Wednesday, February 27, 2013

Images of a Baltic Sea Fortress

While visiting Finland, we took a ferry tour out to the island sea fortress of Suomenlinna, "fortress of Finland." This fortress was originally built by Sweden starting in 1748. In 1808, the fortress was surrendered to Russia during the "War of Finland." And, after Finland's declaration of independence in 1917, Suomenlinna was officially a part of Finland starting in May 1918.
Part of the island fortress.

A seagull that flew alongside us during our ferry ride.

This is Neck, a Nordic water spirit. According to tradition, he lived in the sea and parents used him to scare children to keep away from the water. He could also attrack people with his magic songs. He is now a 'guide' at a museum on the island fortress.

This poster is showing the channel of Sarkaa during the Crimean War. An underwater obstruction was built here to keep ships from passing through the channel.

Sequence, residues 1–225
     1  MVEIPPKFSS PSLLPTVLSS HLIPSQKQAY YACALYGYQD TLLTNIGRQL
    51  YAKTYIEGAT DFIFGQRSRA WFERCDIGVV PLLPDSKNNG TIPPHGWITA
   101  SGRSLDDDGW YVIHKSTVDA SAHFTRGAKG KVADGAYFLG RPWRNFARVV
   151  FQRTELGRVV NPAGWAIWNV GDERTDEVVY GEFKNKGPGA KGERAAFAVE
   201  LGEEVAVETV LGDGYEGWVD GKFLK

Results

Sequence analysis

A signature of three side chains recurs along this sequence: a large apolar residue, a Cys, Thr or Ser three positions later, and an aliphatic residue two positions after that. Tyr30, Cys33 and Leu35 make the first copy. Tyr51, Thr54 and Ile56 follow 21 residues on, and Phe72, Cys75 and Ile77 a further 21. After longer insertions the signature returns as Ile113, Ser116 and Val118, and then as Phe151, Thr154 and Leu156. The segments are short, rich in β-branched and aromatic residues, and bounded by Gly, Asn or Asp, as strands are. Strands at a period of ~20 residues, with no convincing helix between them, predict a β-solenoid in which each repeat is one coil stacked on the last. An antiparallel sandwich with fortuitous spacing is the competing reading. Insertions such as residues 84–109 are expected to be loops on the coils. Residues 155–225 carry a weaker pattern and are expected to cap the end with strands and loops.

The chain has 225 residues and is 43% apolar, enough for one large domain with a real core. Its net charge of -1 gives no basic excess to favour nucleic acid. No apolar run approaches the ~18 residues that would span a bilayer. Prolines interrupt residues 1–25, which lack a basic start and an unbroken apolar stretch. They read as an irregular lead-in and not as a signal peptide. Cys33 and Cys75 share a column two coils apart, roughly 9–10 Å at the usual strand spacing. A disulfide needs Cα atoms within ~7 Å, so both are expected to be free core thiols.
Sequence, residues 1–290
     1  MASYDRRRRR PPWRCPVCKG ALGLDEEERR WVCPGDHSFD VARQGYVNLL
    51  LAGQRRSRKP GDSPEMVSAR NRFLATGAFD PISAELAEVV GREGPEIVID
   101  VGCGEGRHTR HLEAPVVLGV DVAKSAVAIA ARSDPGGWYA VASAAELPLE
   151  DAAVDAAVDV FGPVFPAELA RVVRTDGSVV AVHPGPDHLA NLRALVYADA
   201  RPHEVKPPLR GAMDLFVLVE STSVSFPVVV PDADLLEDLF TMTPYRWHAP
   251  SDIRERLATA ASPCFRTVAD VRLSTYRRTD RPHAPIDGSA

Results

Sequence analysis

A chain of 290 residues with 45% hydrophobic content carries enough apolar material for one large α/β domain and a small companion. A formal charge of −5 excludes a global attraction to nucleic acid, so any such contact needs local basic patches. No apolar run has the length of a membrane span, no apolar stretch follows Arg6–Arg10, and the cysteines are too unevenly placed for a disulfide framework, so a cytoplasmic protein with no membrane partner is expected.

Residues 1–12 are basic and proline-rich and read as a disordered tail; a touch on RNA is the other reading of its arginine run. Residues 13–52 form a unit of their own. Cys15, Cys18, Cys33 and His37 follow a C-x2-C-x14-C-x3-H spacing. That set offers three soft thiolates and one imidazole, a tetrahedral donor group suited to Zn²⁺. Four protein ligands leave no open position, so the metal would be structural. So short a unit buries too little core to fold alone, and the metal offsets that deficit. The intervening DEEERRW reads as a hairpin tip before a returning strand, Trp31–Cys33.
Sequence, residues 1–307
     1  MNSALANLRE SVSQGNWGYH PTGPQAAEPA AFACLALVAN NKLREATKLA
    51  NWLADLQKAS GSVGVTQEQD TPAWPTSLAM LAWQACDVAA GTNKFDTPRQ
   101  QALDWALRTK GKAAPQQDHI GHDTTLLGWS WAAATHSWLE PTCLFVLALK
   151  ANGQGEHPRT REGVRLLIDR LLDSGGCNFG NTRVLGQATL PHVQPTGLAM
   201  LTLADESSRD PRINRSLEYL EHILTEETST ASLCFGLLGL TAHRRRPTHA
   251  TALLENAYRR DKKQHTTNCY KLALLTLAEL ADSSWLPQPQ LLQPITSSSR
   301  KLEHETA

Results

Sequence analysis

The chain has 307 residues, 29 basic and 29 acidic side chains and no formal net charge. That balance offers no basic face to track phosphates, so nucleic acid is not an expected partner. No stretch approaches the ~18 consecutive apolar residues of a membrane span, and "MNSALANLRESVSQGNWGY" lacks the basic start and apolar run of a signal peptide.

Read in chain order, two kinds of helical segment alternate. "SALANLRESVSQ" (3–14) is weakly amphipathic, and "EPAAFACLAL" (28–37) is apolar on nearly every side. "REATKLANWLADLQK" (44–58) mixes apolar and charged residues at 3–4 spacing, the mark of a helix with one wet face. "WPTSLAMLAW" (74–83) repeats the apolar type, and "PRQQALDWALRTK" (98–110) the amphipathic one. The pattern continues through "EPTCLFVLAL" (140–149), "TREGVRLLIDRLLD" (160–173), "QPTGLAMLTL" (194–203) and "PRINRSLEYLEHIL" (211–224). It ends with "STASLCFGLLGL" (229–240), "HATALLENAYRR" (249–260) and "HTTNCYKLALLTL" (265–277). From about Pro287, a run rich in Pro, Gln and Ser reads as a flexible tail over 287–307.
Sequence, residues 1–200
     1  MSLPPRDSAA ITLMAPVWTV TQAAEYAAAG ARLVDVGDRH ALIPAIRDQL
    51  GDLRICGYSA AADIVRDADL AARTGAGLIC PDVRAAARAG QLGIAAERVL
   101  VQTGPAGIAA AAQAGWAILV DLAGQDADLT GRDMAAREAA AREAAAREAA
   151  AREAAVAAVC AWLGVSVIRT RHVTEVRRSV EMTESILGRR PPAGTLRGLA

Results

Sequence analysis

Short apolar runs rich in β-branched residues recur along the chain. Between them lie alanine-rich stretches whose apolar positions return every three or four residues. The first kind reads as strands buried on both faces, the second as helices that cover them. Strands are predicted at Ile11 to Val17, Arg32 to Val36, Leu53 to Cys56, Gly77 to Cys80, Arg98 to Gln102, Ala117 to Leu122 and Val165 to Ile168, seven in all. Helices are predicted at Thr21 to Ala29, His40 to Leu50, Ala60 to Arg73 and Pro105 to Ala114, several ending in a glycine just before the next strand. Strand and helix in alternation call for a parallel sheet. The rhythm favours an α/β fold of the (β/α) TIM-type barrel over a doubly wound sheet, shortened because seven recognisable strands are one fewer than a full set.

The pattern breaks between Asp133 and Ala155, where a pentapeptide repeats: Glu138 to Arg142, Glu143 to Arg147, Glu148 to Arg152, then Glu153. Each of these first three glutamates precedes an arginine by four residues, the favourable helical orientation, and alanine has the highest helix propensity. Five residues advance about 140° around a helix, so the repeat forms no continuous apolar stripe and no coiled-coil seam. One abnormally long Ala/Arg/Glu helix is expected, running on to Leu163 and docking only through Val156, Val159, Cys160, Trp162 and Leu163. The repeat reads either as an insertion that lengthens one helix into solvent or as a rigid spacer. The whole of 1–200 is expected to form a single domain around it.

The fortress island has museums, shops, boat docks and more!

In this building, they were building a boat!!!

And I loved this paint-splattered floor.

There were LOTS of baby geese! Some of them as big as the mamas & papas!

And, I loved this old building...

And this one, too.

Tuesday, February 19, 2013

Helsinki & the Lutheran Cathedral (Finland)

We only spent one full day in Finland and most of it was on the fortress
island of Suomenlinna. But, I'll start by blogging about Helsinki itself.